The Thief of Joy

by | Sep 5, 2020 | 0 comments

The thief of joy is comparison. It’s a saying I’ve encountered often through the years, especially since the advent of social media. Every day we are bombarded with the successes of others, whether in their lives or careers. Shout-outs here. Smiling pictures there. Goals smashed and ladders climbed. It’s very easy to absorb all of that, turn it inward, and shine a negative light on your own life.

You know that, for the most part, it’s a facade. The failures, the broken promises, the moments of doubt are largely hidden from public view. But it can still take a toll and is a constant battle in this age of social media.

Comparing yourself to others isn’t the only comparison that can have a negative effect; something I’ve learned the hard way over the last few years. Comparing yourself to the old you can be just as disastrous.

As we age, we learn more about ourselves. We know our strengths and our weaknesses (even if we are slower to admit the latter). We’ve survived hard times and celebrated great times. We’ve seen things and done things we never thought we could.

But a downside is we know what we were capable of in the past.

We change though. We grow. We age. Our stresses change. Our happiness triggers change. Our lives fill up, sometimes to the point of overflow.

Separating who I was and who I am now has, by far, been the biggest hurdle I’ve faced in this journey. At the beginning of this, I stumbled across an old photograph from my younger years. It was taken during a trip to New York City and I’m hanging from the handles on the subway.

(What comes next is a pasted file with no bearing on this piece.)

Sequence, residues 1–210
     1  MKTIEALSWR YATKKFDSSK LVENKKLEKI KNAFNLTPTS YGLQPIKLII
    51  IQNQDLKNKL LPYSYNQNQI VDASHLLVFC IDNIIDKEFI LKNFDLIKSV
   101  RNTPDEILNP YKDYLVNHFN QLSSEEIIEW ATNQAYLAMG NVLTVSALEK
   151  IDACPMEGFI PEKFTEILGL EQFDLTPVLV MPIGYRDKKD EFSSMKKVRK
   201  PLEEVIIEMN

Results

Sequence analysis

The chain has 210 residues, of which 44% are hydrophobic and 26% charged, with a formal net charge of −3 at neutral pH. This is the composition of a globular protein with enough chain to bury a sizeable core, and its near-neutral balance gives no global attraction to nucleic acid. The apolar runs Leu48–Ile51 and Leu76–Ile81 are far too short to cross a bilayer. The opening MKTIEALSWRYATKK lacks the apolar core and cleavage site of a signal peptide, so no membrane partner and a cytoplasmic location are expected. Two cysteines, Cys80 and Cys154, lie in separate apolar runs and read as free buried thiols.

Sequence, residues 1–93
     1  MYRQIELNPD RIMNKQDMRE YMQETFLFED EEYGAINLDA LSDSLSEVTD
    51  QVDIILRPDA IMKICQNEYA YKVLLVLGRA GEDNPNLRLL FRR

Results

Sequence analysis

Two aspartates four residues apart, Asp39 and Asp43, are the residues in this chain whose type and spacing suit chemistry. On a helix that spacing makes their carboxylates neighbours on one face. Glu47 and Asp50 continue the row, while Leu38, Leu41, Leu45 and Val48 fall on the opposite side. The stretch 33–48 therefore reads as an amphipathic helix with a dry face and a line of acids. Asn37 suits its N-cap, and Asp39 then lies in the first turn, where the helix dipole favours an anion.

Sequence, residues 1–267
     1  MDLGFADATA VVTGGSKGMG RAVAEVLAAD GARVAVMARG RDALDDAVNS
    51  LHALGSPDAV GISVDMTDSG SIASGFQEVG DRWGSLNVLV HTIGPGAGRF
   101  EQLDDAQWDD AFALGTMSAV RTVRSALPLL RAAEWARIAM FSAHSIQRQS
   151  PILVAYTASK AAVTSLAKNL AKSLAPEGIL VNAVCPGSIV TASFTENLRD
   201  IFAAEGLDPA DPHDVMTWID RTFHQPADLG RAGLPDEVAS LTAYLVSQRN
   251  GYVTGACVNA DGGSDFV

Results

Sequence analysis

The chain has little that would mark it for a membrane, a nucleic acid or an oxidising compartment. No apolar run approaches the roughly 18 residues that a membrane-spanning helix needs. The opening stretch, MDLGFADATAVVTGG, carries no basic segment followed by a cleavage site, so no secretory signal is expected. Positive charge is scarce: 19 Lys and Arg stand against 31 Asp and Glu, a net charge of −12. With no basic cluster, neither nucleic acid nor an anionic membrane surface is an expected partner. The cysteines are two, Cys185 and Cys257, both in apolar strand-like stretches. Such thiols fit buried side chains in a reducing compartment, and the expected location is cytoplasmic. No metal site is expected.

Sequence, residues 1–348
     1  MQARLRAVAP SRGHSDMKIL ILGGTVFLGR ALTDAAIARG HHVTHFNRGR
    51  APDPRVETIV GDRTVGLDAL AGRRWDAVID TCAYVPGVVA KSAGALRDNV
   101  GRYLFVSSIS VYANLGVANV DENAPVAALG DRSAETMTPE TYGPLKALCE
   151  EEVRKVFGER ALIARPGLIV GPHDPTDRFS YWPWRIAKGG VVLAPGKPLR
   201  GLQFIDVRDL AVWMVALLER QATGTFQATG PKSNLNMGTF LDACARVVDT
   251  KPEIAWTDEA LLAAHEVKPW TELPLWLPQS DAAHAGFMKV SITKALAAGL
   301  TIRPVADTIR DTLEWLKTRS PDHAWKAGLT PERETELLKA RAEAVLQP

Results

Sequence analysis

For a short time, I thought I’d try to get back to that young woman in that picture. I’ve missed her, that smile she had when she thought the world was hers, the belief that everything she was planning would work out. Her grit. Her determination. Her laughter.

She wasn’t always happy, don’t get me wrong. There were some dark times in her life that she’d muddled through. But in that moment, hanging from those handles, she was in her element. And she worked her ass off for what she wanted. Not long after she took over a video store because she wanted to, trusting herself that she could do it and later she launched an online news site because she could.

For the past few years, I’ve been comparing everything I did to that young woman. Every decision, every step, every move was made on the belief that “I should be able to do that!” because that younger version of me could. That younger version of me did.

That comparison to my old self straight up stole my joy. When I should have been celebrating the release of my second novel, I instead beat myself up for not finishing it sooner. I berated myself for not writing more. When I was slow to write or read, I was angry at myself for not doing better. Because she could have. I made promises based on what she could do – to myself and to others—and failed to keep those promises. Which just stacked it on.

It took some time for me to realize that I was trying to pound a square peg into a round hole. My life now doesn’t fit with that young woman in that picture. I’m not her anymore. Her time has passed.

I’ve stopped that now, erasing any belief that I have to be anything but who I am now. And this journey, wherever it leads, is now on the right path.

Not her path.

My path.

And I’m much happier for it.